Policy for justice founded on numbers that don't add up: The Home Secretary admits his department's crime figures are 'next to useless'. Heather Mills reports

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The Independent Online
'THERE are a lot of bad statistics in this world but there are few that are more unreliable than crime statistics or anything related to it,' Kenneth Clarke said yesterday on BBC Radio.

The Home Secretary's condemnation of crime figures - relied upon for decades for the development of criminal justice policy - comes at a time when his officials have been relying upon them before the cross-party committee of MPs investigating juvenile crime.

While police and both Labour and Conservative MPs have been reporting an increase in youth crime, Home Office statistics show a sharp drop in the numbers of young offenders.

Department officials say that in 1981 there were 230,700 young people aged 17 or under convicted or cautioned. By 1991 the number had dropped to 149,000.

In contrast, the Association of Chief Police Officers says that in the last 10 years, the rate of juvenile offending has gone up by 54 per cent - it is only the detection rate that has dropped.

A survey by the Independent supports the claim that clear-up rates are dropping, and without identified culprits it is impossible to to say how many crimes are committed by young people.

But there has been a marked increase in burglary and car crime, usually blamed on the young. Of the 5.46 million offences reported in the 12 months ending June 1992, 1.29 million were burglaries, 931,000 were thefts from cars and 572,000 were thefts of cars - all up by more than half since 1989.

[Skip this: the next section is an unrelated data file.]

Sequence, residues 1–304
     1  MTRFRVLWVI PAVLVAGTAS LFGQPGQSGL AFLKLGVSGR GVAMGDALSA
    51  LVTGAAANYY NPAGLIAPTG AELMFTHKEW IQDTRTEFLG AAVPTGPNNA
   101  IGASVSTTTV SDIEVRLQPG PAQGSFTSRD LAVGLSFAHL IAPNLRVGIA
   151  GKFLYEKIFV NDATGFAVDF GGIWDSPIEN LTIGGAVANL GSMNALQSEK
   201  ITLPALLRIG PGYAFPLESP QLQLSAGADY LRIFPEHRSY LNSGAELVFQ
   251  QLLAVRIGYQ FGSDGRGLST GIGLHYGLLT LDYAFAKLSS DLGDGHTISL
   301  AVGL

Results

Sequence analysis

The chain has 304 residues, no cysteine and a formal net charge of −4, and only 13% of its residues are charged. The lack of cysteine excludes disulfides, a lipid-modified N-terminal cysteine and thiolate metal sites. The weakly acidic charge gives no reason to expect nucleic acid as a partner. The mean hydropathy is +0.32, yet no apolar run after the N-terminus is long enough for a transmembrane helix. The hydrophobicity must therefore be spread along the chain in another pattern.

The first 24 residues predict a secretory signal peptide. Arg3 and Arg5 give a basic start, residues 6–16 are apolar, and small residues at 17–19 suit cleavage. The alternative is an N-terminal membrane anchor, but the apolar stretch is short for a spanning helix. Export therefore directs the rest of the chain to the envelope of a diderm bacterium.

It has been suggested that the apparent drop in the numbers of juvenile offenders is due to increased informal cautioning by police - which would not show up in statistics; cases being thrown out by the Crown Prosecution Service before trial; petty motoring offences being no longer recorded; and a sense of disillusionment and apathy on the part of police officers who believe the courts do nothing when young people are brought to court.

Home Office officials accept that their figures need to be treated with caution because of the fall in the number of young people in the population and a possible increased use of informal warnings. But they maintain government policy since 1981 has led to a drop in juvenile offending.

But the debate about the merits of crime statistics goes much wider. The British Crime Survey - generally regarded as more reliable - suggests that most offences are unreported. For every crime recorded, two are not.

Further, bulges in crime statistics can occur every time police in one particular area target a particular type of offence. For example, recorded sex crime in Thames Valley soared when police decided to clamp down on homosexual activity in a public lavatory in Slough.

Professor Norman Tutt, co-author of Children in Custody, said that figures collected within the criminal justice system itself were in general accurate - for example how many people were imprisoned and for what, how many were cautioned and passing through the courts. 'The problem is that the criminal justice system has little connection with criminal behaviour on the streets,' he said. Those cautioned or convicted accounted for a tiny proportion of crime.

'If Kenneth Clarke is accepting that, it puts him in a serious predicament. It would prove that his policies of tightening up on sentencing would be doomed to fail. Locking up a few does not stop the bulk of offending or lessen crime. It might suggest there needs to be new policies.'

Yesterday Tony Blair, shadow Home Secretary, said: 'Mr Clarke appears not to know whether to defend his own figures or denounce them. It is his reponsibility to ensure the Home Office conducts some real and in depth research into juvenile crime.'

Leading article, letters, page 22